Slipping Down the Knowledge Funnel

Slipping Down the Knowledge Funnel

 

I recently read Roger Martin’s 2009 book The Design of Business. It’s a lovely book, and I recommend it highly for anyone interested in innovation, creativity, and/or understanding organizational structures.

 

Early in The Design of Business Martin introduced a conceptual schema to describe knowledge development. Think of all discoveries, Martin suggests, as starting with a mystery. Someone observes something about the world that he or she doesn’t understand. It could be a universal question that’s interwoven with the nature of the universe (as the mystery of why things fall to the ground is interwoven with natural laws), or it could be something much more localized and specific, such as how to address a specific market demand.

 

The mystery is the broad end of what Martin calls the “knowledge funnel.” At this point, no one really knows how to answer the question, or even how to phrase it productively. The second stage is the heuristic stage, where “an incomplete yet distinctly advanced understanding” of the former mystery has been articulated (p. 12). At this stage, you can act to solve the problem, but it takes a fair degree of expertise. Some mysteries, like the creation of art, are never systematized beyond the level of the heuristic, and always require expertise among practitioners.

 

Our understanding of many mysteries, however, can and is taken further. We reach the third stage of the knowledge funnel, that of the “algorithm.” At this stage, the mystery is completely understood. It is reduced to the level of step by step directions which anyone can follow and get the same results. This is a great boon to industry, and to society. It took a master craftsman to make most things in a pre-industrial age, but workers on an  assembly line can create far more advanced and dependable products while bringing a much lower level of craft to the job.

 

Martin does not discuss educational systems in this book. (He is dean of the Rotman School of Management at the University of Toronto, but his focus is on the corporate world.) However, when I read this book, I couldn’t help but apply this model to the situation of adjunct faculty. During our training, we are grounded in the heuristics of our disciplines. Our dissertations are demonstrations of our mastery of those heuristics, though there’s always the hope that we’ll rise to the level of the mystery, and we both study and venerate those who do. Tenure is awarded for successful application of a disciplinary heuristic; academic status is won through mastering mysteries.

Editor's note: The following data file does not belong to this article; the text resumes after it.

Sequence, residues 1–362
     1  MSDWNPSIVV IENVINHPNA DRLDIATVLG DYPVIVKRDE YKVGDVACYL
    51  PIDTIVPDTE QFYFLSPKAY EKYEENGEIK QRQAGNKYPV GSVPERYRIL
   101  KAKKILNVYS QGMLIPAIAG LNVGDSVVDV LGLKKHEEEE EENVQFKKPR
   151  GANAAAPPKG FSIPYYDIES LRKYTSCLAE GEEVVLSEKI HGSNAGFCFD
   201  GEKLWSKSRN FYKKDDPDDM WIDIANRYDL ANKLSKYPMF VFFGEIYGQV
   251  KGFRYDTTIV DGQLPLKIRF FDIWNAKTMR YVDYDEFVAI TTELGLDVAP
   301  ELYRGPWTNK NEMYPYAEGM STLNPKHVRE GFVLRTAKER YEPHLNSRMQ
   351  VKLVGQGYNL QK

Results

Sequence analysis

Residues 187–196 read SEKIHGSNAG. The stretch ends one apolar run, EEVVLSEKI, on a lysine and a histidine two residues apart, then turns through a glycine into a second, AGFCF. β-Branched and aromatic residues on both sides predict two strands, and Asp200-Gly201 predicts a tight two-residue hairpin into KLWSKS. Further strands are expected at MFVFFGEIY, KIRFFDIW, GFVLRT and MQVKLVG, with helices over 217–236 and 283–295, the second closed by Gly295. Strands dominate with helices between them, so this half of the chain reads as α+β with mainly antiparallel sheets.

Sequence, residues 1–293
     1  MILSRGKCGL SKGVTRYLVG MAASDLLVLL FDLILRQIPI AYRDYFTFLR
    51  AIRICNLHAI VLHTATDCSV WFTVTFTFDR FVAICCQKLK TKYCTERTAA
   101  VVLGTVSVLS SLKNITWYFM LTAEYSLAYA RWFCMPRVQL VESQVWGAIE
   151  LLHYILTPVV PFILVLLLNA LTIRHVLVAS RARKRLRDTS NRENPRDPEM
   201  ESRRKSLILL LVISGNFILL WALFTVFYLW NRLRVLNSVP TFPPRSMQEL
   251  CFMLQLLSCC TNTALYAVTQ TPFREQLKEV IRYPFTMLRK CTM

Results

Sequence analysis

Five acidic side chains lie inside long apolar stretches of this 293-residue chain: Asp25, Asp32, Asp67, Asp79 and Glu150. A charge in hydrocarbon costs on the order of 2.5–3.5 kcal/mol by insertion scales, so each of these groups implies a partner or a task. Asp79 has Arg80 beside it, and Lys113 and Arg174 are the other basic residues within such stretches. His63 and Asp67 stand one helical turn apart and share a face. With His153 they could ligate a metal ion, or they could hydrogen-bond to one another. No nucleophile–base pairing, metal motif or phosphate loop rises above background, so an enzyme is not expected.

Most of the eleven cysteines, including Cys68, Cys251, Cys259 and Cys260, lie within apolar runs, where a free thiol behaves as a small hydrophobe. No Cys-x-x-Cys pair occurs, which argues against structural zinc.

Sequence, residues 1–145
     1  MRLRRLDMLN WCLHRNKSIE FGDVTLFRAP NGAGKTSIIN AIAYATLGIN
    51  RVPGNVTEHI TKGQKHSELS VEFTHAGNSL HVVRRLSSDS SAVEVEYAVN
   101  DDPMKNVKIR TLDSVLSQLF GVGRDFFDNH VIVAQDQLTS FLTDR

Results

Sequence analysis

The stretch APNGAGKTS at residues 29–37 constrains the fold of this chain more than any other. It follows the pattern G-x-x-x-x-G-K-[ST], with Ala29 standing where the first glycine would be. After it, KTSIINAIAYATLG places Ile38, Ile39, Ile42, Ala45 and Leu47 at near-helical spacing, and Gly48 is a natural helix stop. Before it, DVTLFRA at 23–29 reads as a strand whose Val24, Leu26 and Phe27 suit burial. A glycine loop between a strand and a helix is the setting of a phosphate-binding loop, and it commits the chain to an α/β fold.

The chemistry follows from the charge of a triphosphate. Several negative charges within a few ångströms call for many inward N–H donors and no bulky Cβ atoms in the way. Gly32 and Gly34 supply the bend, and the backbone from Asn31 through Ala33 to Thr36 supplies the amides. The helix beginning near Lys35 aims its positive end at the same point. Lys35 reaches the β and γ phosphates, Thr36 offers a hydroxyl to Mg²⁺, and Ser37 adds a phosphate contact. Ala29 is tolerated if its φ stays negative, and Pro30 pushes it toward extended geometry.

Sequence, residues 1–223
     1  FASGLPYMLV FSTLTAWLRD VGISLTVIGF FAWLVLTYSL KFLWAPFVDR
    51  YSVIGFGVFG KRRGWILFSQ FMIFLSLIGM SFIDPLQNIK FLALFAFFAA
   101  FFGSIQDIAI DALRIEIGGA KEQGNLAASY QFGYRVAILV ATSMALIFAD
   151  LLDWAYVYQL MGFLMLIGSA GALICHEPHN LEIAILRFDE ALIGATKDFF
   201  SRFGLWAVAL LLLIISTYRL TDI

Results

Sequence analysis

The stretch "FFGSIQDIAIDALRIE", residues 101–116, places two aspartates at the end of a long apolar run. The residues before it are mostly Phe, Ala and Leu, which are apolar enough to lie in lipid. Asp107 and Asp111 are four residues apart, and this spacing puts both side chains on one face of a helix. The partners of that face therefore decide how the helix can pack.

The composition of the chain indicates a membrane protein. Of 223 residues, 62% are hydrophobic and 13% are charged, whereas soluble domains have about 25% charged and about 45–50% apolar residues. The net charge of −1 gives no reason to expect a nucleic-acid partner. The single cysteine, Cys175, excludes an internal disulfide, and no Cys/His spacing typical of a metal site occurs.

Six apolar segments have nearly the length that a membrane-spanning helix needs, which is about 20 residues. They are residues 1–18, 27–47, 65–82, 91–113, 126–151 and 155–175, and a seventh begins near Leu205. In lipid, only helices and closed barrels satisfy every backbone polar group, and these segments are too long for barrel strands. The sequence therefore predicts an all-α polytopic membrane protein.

And…adjunct labor focuses almost entirely on the level of the algorithm. Class structures and materials are often mandated by the institution, while individual adjuncts often repeat the same course materials time and again in a kind of self-defense, because they simply have no time to otherwise. We may rise to the level of the heuristic when teaching, as it’s not possible to totally routinize human interaction, but we don’t reach the level of mystery.

 

Martin argues that individual organizations who come to depend too highly on algorithms will eventually be left behind: their focus on exploiting knowledge while leave them vulnerable to those who create it in new areas. I would add that this can apply to an entire field, namely higher education. It will be bypassed if it defaults on knowledge creation, which it does through cutting adjuncts out of the mystery loop.

 

I would add a second point, one implied but not stated in Martin’s book: delving into the mystery rejuvenates. It is why the Picassos of the world stay young even as their bodies age. In cutting adjuncts out of the mystery loop, and relegating them to the realm of the algorithm, higher education is cutting us out of the spiritual fountain of youth.

 

 

 

 

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